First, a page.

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The pistol is a firearm and belongs to the category of handguns . She will u. a. defined by the German Weapons Act (WaffG) as a handgun (handgun). Differences today are single - and multi-loader pistols and revolvers . The latter are either counted among the pistols, depending on the legal situation and the provisions of the user, or are on an equal footing with them as a separate category of handguns.


Matchlock pistol of a samurai
The "Puffer" wheel lock pistol around 1580
Flintlock pistols, England 18th century
Percussion pistol, Federal Ordinance 1817/42, Vaud Military Museum, Morges , Switzerland

The word pistol is often attributed to the French pistolet , but comes from the Czech language, the Hussites first used such weapons (píšťala).

Development history

The story of the (single load) pistol begins parallel to the story of the rifle . If the hand tube was the first firearm in the 14th century, after the further development to the arquebus it became necessary to make these weapons smaller, handier and more mobile. In particular, the cavalry of the armies of the late Middle Ages pushed for an alternative to the arquebus.

Early pistols

The development of the early pistols was significantly influenced by the development of the ignition systems. The transition between the basic types of pistols and the need to modernize the army's stock led to the fact that some of the weapons were adapted to more modern ignition systems .

  • Matchlock pistols are known only from a few Chinese and Japanese pistols, but they were in use until the 19th century.
  • The invention of the wheel lock in 1517 made it possible to have a more compact and secure ignition method in contrast to the matchlocks. The pistol (handpipe, rifle, mittens, in the 16th and 17th centuries also a buffer) was originally developed as a firearm for riders, the first models appeared around 1510. The cuirassiers , which emerged in the 1540s , were armed with pistols. The pistol was first used in a major combat operation in the battle of Mühlberg in 1547 .
  • In the 17th century flintlock pistols appeared and replaced the wheellock pistols by around the beginning of the 18th century because they were less susceptible to weathering and cheaper to manufacture.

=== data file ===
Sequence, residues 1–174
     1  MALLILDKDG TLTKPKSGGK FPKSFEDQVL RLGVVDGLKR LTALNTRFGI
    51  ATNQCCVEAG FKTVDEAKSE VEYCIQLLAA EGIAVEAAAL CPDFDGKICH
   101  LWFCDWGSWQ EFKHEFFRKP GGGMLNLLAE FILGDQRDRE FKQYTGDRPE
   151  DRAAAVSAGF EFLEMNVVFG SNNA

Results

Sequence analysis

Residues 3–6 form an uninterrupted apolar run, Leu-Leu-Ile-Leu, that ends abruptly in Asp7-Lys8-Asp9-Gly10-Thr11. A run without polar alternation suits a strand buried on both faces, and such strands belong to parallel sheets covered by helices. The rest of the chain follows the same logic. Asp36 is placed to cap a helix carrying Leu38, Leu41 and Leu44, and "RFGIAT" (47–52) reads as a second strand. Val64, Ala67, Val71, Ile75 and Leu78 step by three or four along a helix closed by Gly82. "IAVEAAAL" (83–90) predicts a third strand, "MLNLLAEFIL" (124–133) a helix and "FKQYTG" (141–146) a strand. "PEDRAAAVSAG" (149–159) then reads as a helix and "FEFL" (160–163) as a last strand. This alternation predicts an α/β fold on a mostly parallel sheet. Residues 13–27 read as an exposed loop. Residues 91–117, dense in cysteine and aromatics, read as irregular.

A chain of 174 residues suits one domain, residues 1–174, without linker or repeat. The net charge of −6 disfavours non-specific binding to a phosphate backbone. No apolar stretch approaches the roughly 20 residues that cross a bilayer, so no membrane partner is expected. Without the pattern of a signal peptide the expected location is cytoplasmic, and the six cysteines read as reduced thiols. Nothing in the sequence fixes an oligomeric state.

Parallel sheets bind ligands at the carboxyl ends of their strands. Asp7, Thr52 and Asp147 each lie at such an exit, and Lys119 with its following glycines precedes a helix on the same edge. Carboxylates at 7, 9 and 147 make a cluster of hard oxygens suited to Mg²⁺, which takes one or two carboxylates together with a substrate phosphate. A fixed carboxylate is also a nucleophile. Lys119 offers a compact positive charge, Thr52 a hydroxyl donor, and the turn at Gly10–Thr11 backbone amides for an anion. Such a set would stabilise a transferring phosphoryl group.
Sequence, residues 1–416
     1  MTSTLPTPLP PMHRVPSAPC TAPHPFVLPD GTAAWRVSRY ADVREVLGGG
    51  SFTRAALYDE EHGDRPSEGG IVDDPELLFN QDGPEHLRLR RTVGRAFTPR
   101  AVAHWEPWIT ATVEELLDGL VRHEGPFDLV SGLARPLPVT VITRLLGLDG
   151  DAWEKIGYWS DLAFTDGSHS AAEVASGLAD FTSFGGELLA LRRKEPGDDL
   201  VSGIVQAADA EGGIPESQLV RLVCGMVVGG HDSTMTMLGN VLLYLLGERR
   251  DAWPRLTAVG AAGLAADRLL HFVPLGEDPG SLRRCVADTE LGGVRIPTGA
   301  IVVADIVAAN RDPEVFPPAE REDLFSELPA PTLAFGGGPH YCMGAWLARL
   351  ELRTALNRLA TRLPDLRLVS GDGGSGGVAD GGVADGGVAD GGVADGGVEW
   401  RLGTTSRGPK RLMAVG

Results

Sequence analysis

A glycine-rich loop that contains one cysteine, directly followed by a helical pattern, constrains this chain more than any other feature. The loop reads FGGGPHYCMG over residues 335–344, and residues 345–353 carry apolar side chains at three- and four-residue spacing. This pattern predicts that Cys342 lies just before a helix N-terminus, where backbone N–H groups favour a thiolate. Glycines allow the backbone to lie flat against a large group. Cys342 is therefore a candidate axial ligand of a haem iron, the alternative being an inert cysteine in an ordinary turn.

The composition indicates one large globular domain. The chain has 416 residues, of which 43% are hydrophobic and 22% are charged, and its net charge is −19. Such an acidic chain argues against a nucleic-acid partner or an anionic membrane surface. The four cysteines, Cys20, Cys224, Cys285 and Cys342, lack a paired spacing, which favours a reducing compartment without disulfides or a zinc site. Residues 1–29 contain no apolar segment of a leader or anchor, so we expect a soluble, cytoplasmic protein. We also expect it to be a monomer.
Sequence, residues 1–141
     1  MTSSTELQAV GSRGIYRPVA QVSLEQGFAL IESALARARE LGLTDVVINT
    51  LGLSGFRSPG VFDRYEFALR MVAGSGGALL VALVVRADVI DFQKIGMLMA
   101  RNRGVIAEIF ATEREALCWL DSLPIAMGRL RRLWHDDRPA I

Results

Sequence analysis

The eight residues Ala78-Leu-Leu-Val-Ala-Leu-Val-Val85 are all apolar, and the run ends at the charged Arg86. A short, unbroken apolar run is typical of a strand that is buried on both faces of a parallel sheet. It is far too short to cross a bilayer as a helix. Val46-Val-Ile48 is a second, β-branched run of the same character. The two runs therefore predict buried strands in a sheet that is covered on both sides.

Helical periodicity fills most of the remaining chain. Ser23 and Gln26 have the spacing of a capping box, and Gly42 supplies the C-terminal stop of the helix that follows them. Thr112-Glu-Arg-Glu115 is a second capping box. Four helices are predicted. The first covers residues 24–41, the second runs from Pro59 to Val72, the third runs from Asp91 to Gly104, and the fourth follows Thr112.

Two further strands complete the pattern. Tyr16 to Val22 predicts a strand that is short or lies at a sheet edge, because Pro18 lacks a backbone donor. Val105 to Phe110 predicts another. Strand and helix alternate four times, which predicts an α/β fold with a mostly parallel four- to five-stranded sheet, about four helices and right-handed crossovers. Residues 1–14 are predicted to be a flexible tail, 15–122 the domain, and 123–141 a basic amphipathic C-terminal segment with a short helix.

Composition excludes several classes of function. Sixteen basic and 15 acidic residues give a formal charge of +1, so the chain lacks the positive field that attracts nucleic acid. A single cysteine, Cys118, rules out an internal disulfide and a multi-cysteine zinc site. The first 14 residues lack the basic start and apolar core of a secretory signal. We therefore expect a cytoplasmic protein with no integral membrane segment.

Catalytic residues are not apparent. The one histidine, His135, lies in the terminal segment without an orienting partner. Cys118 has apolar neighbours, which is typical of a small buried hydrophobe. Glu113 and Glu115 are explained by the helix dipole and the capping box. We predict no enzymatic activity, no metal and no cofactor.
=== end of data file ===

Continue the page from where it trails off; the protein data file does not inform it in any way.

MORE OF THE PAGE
• The Perkussionspistole presented at the beginning of the 19th century to the next and final stage of development of the muzzle-loading gun. The gun was for a long time the only handgun until the mid-19th century in the military field by mehrschüssigen turret was replaced. One-shot pistols were then mainly used for target shooting and as dueling weapons .


Revolvers are multi-shot pistols in which several rounds of ammunition are loaded in a rotatable drum. In contrast to pistols, in which the cartridge chamber is in the rearmost section of the barrel bore, in the case of the revolver it is located in the barrel bores.

In 1837 Samuel Colt began the serial production of percussion revolvers at Patent Arms M'g Co Paterson , the further developments of which played an important role in the American Civil War . As early as 1858, the Smith & Wesson company launched the small-caliber S & W No 1, the first rear- loading revolver that fired prefabricated cartridges that were loaded into a rotating drum. As early as 1869, after the Rollin-White patent , which protected the manufacture of revolvers with a pierced drum, expired , large-caliber revolvers were developed that dominated the market until the end of the century. Well-known examples are the Colt Single Action Army , the Smith & Wesson No 3 and the English Webley revolver . These were used worldwide as military and police service weapons.

Modern pistols

P80 ( Glock 17 )

The development of modern pistols began towards the end of the 19th century. Self-loading designs, originally developed for rifles, were soon used for the first modern pistol models. The first fully functional self-loading pistols included the Borchardt C93 and the Parabellum ( Luger ) developed from it , the Mauser C96 and models from Bergmann and Browning .

The modern pistol soon aroused great interest in the armies, as it had a number of advantages compared to the revolver, which is now widely used. Pistols usually had a higher ammunition capacity than revolvers, and after the shot the firing mechanism was already cocked, the cocking of the cock required for revolvers was omitted. In addition, they could be reloaded more quickly because the empty magazine was removed and replaced with a full one. Even loading strips (used on models without an interchangeable magazine) were faster and easier to use. Filled pistol magazines were also easier to handle and stow away than individual cartridges, which meant that larger amounts of ammunition could easily be carried.